Navy Bean Brownies with Carob Chips (no flour, no dairy)

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How’s your Chocolate Monster? Mine is alive and well, thank you very much.

In fact, I would say that she has been on a bit of a rampage lately. I’ve made two batches of brownies in 3 days. I eat them for breakfast, snacks, and dessert.

Breakfast! you exclaim. Brownies for breakfast? 

Yup, unless you’ve got something against eggs and beans first thing in the morning. No kidding. These brownies* are not only delicious and filling, they’re good for you—high in protein, low in carbs, and low in calories.

So how can your Chocolate Monster or mine resist?

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“Smoothie” Sailing!

Spinach Smoothie

Does the food blogosphere need yet another smoothie recipe? Probably not, but bear with me, please. There is method to my madness.

The smoothie story begins on the July 1 weekend when we were celebrating Canada Day on our boat with 3 grandchildren (all early teens) and one daughter.

We were having a grand time until a stomach flu swept through the boat in the middle of the night. I’ll spare you the grim details but it involved throwing up and fevers.

The only positive note was that I lost 5½ lbs.!

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Paper Bag Popcorn

All you need are corn kernels and a paper bag. 

AND VOILA!

Popcorn, without the oil and salt, is a great snack. It’s crunchy, filling, nutritious, easy on your pocketbook, and a cinch to make. Oh yes, and rock bottom on the calorie chart.  One cup of corn kernels is only 31 calories.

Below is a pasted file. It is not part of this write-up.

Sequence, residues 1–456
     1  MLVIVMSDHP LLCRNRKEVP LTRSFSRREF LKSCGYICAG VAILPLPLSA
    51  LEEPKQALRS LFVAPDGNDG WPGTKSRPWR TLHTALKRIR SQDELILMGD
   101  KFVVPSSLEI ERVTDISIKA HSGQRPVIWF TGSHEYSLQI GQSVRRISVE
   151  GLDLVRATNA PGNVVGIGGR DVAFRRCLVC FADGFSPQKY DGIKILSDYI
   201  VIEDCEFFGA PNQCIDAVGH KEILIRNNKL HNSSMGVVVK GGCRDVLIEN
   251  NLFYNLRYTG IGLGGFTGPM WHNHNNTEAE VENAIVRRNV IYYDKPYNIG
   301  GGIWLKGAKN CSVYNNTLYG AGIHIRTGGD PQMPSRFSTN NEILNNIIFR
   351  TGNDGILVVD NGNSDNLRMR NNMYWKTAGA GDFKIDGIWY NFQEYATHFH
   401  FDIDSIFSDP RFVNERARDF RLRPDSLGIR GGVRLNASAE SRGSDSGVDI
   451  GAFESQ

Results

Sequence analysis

Admittedly, popcorn without oil and salt is bland, and that’s where this recipe steps in to help.

But, first, let’s be up-front with the negative. Diet popcorn will never be rich with oil. If it were, it would no longer fit in our diets. Hence it will never taste like movie popcorn, bagged popcorn, or DIY-in-the-microwave boxed popcorn bags.

Rather, you can give paper bag popcorn a sweet or savoury adornment, depending on your taste buds. The popcorn will be dry and crunchy; the flavouring, mild but satisfying.

And it will be good for you. According to NutritionSelf.com, popcorn without oil and salt “is very low in Saturated Fat, Cholesterol and Sodium. It is also a good source of Dietary Fiber and Manganese.”

All you need is an open mind about what popcorn is and how it should taste.

In this recipe, I’m going to give you my recipe for sweet cinnamon popcorn. (Yep, the darned sweet tooth insisted.) If you have any terrific flavourings, please let me know, and I’ll add them to this post.

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Quinoa Brownies for Serious Chocoholic Dieters (no flour, no oil)

Hit by an intense and unceasing chocolate craving? Fear not, these brownies will come to the rescue.

They are moist, rich, and chocolate-y to the nth degree.

They’re also healthy, chockfull of protein, and good for your diet.  Plus, a cinch to make.

Sounds impossible? Read on!

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Zucchini Cinnamon Squares